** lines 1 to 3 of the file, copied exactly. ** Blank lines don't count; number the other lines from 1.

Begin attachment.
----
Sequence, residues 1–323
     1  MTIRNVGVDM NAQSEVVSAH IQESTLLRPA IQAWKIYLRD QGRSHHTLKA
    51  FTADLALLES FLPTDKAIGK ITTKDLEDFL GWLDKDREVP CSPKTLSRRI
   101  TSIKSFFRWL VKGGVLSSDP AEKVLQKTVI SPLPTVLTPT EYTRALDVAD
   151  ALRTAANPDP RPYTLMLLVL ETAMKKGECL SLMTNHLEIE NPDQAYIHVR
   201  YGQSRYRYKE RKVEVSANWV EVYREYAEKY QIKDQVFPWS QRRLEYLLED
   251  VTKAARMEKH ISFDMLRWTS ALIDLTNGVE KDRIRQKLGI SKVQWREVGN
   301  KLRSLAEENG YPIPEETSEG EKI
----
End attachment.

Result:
Sequence, residues 1–323
     1  MTIRNVGVDM NAQSEVVSAH IQESTLLRPA IQAWKIYLRD QGRSHHTLKA
    51  FTADLALLES FLPTDKAIGK ITTKDLEDFL GWLDKDREVP CSPKTLSRRI